Recent availability of a large amount of data and increased computational resources led to the development of radar-based models using machine-learning techniques. Shi et al. (2015) developed a radar-based model with a convolutional long short-term memory (ConvLSTM) architecture that outperformed the optical flow-based model. They showed that ConvLSTM can capture the spatiotemporal correlation between input rainfall image frames, which are recorded every 6 min across Hong Kong. In addition, several studies have shown that the ConvLSTM architecture can be successfully applied to the precipitation nowcasting model (Kim et al., 2017; Moishin et al., 2021; Sønderby et al., 2020; Jeong et al., 2021). Although the convolution neural network (CNN) does not have a structure to conserve temporal information, Agrawal et al. (2019) showed that a fully connected CNN called U-Net can make better predictions than traditional NWP models. Further studies (e.g., Ayzel et al., 2020; Trebing et al., 2021) also confirmed that the U-Net architecture can accurately predict precipitation.

In the field of computer science, the generative adversarial network (GAN) architecture (Goodfellow et al., 2014) showed remarkable performance in image-to-image tasks. Isola et al. (2017) demonstrated that the U-Net model with a conditional GAN (cGAN) approach called Pix2Pix can generate higher quality images than the original U-Net model. Rüttgers et al. (2019) showed that typhoon tracks and cloud patterns over the Korean Peninsula could be successfully predicted using cGAN architecture with satellite cloud images. Also, Ravuri et al. (2021) developed a precipitation nowcasting model using a deep generative model inspired by the video GAN model (Clark et al., 2019). In the case study of convective cells over eastern Scotland, using video GAN in the model improved the quality of precipitation forecasts significantly (Ravuri et al., 2021). These studies indicate that the performance of precipitation nowcasting models can be improved by advanced machine-learning techniques. However, because machine-learning is a data-driven technique, it will perform effectively only for trained data domains. Generally, it is vital to train from the beginning to develop a model for a new domain, and computation costs will be high even if new data are similar to old data. Thus, the models trained for one domain will be limited in their applications for multiple regions.

The aim of this study was to develop an advanced precipitation nowcasting model for multiple dam basins that can be applied as an early warning system. The decision-making process at upstream dams with regard to flood control, which is directly related to urban and rural water management, influences flood risk considerably. From such a dam management perspective, water level and inflow at dam sites are major factors to be considered, suggesting that increasing rainfall prediction accuracy over the entire dam basin is essential for effective flood management. To develop an advanced precipitation nowcasting model with good prediction performance for dam basins in general, we designed a model based on the cGAN approach (Rad-cGAN) for multiple dam domains of the Soyang-gang, Andong, and Chungju dam basins in South Korea. We trained the model using radar reflectivity data from the Soyang-gang Dam basin for the summer season during 2014–2017 (provided by the Korea Meteorological Administration, KMA) and evaluated model performance using the 2018 data by comparing it with reference models of ConvLSTM, U-Net, and Eulerian persistence. We also used spectral prognosis (S-PROG) (Seed, 2003), which is a deterministic nowcast model in the pySTEPS library, for evaluation. Then, we applied the transfer learning technique (Pan and Yang, 2010), which uses the previously trained model with cost-effective computation to train the model for the other two abovementioned domains. Five transfer learning strategies were compared to evaluate the most effective cases for model development for the Andong Dam and Chungju Dam basins.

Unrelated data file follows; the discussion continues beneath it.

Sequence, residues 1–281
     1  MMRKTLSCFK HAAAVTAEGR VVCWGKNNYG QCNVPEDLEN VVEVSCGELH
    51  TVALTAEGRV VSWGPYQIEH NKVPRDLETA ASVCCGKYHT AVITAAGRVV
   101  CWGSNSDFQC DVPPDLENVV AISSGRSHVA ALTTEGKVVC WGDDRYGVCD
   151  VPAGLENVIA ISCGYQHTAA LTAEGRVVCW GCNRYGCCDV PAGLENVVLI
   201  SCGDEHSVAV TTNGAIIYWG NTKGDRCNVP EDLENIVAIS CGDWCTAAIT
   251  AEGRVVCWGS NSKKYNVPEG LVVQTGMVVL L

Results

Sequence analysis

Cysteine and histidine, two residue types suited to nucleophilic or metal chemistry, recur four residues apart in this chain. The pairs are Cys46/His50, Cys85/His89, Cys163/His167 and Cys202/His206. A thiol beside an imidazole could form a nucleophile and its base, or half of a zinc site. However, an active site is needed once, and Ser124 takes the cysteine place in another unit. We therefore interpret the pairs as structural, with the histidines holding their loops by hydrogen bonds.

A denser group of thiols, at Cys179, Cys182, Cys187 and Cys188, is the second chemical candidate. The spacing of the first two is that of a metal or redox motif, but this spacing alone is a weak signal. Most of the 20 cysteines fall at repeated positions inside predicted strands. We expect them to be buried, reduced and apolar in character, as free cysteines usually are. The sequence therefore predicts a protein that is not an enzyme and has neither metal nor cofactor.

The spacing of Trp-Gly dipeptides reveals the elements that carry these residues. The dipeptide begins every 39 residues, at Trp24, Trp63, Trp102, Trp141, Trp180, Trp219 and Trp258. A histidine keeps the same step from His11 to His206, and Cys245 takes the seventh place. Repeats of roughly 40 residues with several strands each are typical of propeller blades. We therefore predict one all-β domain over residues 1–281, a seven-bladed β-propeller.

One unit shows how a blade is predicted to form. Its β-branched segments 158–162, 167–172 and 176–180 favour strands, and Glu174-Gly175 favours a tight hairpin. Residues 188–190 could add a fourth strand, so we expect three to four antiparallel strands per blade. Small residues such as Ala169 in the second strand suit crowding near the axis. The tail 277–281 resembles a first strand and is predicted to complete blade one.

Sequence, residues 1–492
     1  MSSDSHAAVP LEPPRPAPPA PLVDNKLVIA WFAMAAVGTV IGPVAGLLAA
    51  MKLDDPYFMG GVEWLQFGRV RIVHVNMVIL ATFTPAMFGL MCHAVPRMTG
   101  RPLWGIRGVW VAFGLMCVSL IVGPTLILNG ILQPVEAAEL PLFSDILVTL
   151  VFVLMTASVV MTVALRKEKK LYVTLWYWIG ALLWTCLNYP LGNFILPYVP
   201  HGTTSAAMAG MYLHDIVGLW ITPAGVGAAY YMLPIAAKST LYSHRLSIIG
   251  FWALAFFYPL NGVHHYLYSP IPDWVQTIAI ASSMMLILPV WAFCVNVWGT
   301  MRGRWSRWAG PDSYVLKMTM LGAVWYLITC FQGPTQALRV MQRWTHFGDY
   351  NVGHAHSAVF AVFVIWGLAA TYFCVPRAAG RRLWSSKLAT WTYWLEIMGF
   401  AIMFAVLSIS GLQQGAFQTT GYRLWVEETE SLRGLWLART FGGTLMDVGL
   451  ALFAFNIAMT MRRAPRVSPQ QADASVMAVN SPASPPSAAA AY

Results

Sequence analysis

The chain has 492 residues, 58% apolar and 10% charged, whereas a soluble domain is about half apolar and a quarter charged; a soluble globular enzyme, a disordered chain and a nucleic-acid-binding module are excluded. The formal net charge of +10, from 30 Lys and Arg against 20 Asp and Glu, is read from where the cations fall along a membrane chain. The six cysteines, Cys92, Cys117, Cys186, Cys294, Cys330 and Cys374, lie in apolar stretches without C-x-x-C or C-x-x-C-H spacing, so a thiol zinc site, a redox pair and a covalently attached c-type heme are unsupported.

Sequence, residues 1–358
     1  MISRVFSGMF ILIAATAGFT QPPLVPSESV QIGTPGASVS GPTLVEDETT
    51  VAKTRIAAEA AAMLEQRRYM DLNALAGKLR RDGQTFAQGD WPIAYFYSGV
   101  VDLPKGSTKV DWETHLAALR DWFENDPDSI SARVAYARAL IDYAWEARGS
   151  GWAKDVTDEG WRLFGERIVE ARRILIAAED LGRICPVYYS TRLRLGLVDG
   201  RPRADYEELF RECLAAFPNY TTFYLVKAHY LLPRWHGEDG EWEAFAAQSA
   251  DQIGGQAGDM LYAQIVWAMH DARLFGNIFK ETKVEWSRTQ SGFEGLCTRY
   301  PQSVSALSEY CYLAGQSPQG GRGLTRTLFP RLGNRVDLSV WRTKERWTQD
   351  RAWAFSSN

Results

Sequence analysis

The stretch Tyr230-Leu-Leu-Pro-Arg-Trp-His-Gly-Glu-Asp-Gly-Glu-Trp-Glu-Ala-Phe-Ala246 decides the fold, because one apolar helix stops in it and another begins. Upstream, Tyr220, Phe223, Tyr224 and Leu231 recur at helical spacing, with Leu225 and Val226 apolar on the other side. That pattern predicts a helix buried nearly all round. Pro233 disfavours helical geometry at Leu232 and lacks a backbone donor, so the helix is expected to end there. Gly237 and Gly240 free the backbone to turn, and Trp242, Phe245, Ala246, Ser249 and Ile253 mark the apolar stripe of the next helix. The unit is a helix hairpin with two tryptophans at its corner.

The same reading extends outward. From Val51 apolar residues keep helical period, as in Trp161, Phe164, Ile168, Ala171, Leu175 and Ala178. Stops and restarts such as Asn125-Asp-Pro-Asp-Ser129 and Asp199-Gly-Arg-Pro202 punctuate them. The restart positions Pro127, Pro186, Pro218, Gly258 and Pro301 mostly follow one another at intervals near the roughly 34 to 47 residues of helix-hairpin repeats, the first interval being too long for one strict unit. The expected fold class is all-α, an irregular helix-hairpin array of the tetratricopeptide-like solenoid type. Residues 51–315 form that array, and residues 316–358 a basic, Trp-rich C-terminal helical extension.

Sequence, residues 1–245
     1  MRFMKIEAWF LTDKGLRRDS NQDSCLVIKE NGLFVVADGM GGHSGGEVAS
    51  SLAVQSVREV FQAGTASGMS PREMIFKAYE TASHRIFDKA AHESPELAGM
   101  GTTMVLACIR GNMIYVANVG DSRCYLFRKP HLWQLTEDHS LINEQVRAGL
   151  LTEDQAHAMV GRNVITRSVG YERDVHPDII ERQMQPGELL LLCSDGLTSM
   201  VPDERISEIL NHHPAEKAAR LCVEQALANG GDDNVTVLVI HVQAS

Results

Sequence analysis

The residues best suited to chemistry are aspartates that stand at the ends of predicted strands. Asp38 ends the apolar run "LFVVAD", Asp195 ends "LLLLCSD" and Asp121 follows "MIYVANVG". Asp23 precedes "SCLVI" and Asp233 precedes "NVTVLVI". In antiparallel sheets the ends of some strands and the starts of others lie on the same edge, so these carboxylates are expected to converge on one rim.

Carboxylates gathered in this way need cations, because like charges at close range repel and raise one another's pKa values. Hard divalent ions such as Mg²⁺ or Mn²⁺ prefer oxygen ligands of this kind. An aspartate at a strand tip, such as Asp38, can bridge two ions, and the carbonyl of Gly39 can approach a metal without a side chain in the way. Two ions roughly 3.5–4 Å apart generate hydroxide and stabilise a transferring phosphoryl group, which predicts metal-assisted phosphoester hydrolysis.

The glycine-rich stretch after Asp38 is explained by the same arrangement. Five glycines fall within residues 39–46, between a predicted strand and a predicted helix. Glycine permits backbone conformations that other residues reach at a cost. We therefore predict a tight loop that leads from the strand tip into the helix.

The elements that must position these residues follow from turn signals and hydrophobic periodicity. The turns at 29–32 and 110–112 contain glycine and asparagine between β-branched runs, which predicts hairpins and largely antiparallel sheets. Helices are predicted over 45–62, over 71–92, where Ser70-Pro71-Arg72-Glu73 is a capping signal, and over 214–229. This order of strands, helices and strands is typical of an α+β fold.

2 Materials and methods

2.1 Study area and radar reflectivity data

We developed a precipitation nowcasting model for dam basins where an accurate rainfall forecasting system is essential for the estimation of urban water supply and flood prevention. The target domains are the Soyang-gang Dam basin (D1), Chungju Dam basin (D2), and Andong Dam basin (D3) areas. These dams are multi-purpose and are located upstream of the major rivers of South Korea (Fig. 1).

Figure 1(a) Composite map of radar reflectivity and location of the dam basins; (b) selected areas over the dam basin. D1, D2, and D3 represent the areas of the Soyang-gang, Chungju, and Andong dam basins respectively. Maps were created using ArcGIS software by Esri; Base-map source: Esri, HERE, Garmin, © OpenStreetMap contributors, and the GIS User Community.